Most of the particles observed in a detector are produced very late in the collision, at a time known as “freezeout”. Federico Antinori of INFN Padova showed that the particle abundances are generally well described by a thermal model, with no strangeness enhancement or suppression. The particle ratios depend only on the particle mass and temperature. The enhanced strangeness production compared with proton–proton collisions could be due to the difference between global strangeness conservation in a large system (i.e. a grand canonical distribution) and local conservation in a small system (the canonical distribution). Global conservation allows single strange-quark production (with strangeness conservation imposed on the final state), while in a small system strange quarks are produced in pairs. The properties of the final state were discussed by Gunther Roland of MIT and Andrzej Rybicki of Krakow.
The spectra of the short-lived resonances (K*, ρ, f0(975), Δ, Σ*(1385), and Λ(1520)) were presented by Patricia Fachini of Brookhaven. Some short-lived resonances may be less abundant than the thermal-model predictions. This could happen when daughter particles rescatter during the period between chemical freezeout, when particle production stops, and thermal freezeout, when elastic scattering stops. The PHENIX collaboration has compared the hadronic (K+K–) and leptonic (e+e–) decays of the φ-meson and sees no evidence for a shift in mass or branching ratio.
One striking phenomenon observed at RHIC is non-isotropic flow. The overlap between two colliding ions forms an elliptical region (see figure 1). Tetsufumi Hirano of the Riken BNL Research Center explained how high pressure turns this spatial anisotropy into an anisotropy in momentum space. Some years ago it was expected that this flow would be negligible at high energies; it is in fact stronger at RHIC than at lower energies. Fabrice Retiere of LBNL compared data from all four RHIC experiments, showing that the observed flow of different particle species is consistent with thermodynamic models that treat the system like an almost perfect fluid. The Λ and kaon flow are particularly interesting: the Λ flow is the same as the kaon flow at two-thirds of the momentum; an observation clearly pointing to interactions involving partons. Much time was spent discussing how to reconcile these macroscopic approaches with microscopic pictures based on hadronic or partonic shower simulations.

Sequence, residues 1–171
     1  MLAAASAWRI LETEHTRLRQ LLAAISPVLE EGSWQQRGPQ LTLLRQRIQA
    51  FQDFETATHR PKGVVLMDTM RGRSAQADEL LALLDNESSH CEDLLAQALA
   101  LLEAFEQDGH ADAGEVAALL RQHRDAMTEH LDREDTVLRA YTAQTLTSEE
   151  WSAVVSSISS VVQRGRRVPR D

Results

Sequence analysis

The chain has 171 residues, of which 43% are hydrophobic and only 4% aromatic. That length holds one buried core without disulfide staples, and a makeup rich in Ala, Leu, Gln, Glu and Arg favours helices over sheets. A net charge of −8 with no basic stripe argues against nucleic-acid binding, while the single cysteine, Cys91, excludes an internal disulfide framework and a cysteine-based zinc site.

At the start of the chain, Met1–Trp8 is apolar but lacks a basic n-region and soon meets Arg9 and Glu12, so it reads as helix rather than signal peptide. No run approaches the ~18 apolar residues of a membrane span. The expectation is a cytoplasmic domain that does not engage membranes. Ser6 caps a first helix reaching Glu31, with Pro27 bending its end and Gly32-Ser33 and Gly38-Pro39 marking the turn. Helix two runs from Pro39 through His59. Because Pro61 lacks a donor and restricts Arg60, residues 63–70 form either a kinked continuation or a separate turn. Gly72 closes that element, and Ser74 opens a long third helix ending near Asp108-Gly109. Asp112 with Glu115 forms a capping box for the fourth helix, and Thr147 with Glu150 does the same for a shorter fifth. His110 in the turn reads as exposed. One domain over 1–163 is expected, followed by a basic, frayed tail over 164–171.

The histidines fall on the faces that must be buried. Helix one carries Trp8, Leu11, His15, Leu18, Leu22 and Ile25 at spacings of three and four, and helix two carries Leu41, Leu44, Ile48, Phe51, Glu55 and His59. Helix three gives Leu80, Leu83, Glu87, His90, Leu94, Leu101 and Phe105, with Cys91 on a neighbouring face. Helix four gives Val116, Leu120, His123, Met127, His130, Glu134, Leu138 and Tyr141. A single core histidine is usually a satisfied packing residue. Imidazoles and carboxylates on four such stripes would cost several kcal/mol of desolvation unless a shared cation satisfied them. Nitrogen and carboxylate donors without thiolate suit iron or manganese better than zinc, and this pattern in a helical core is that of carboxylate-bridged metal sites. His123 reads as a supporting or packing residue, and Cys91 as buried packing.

The size of the interacting system can be measured by studying correlations among identical particles. The enhanced production of bosons with similar momenta can be used to measure the source size via Hanbury-Brown Twiss (HBT) interferometry. Dan Magestro of Ohio State noted that HBT studies are perhaps the least-understood measurement made at RHIC. The experiments at RHIC have found that the system is small, with a Gaussian radius of around 6 fm and a lifetime of 8–10 fm/c. This small size and short lifetime is difficult to reconcile with the observed collective flow. Measurements by the STAR collaboration of HBT parameters with respect to the reaction plane show that the initial eccentricity of the reaction volume survives to the final-state HBT measurements.
Jeff Mitchell of BNL reviewed studies of the event-to-event variations of a variety of observables. Most of the fluctuations can be understood as normal statistical variations, but non-statistical fluctuations have also been confirmed, e.g. in mean pT. These may be due to jet production.
Do gluons condense?